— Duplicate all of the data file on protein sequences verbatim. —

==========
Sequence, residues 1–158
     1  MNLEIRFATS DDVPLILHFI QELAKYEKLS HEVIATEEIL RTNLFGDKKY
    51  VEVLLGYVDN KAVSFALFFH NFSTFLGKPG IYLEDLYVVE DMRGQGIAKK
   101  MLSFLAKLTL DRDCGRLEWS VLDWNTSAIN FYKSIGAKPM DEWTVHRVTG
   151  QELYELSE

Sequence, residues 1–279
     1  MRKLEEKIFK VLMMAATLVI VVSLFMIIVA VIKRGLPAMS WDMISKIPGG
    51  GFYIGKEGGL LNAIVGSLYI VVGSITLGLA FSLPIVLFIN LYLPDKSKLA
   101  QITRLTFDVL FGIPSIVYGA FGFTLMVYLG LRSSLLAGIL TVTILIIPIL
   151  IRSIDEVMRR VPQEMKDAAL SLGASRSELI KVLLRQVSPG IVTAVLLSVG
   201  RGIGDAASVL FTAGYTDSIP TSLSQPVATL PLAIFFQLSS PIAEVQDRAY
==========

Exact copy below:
Sequence, residues 1–158
     1  MNLEIRFATS DDVPLILHFI QELAKYEKLS HEVIATEEIL RTNLFGDKKY
    51  VEVLLGYVDN KAVSFALFFH NFSTFLGKPG IYLEDLYVVE DMRGQGIAKK
   101  MLSFLAKLTL DRDCGRLEWS VLDWNTSAIN FYKSIGAKPM DEWTVHRVTG
   151  QELYELSE

Sequence, residues 1–279
     1  MRKLEEKIFK VLMMAATLVI VVSLFMIIVA VIKRGLPAMS WDMISKIPGG
    51  GFYIGKEGGL LNAIVGSLYI VVGSITLGLA FSLPIVLFIN LYLPDKSKLA
   101  QITRLTFDVL FGIPSIVYGA FGFTLMVYLG LRSSLLAGIL TVTILIIPIL
   151  IRSIDEVMRR VPQEMKDAAL SLGASRSELI KVLLRQVSPG IVTAVLLSVG
   201  RGIGDAASVL FTAGYTDSIP TSLSQPVATL PLAIFFQLSS PIAEVQDRAY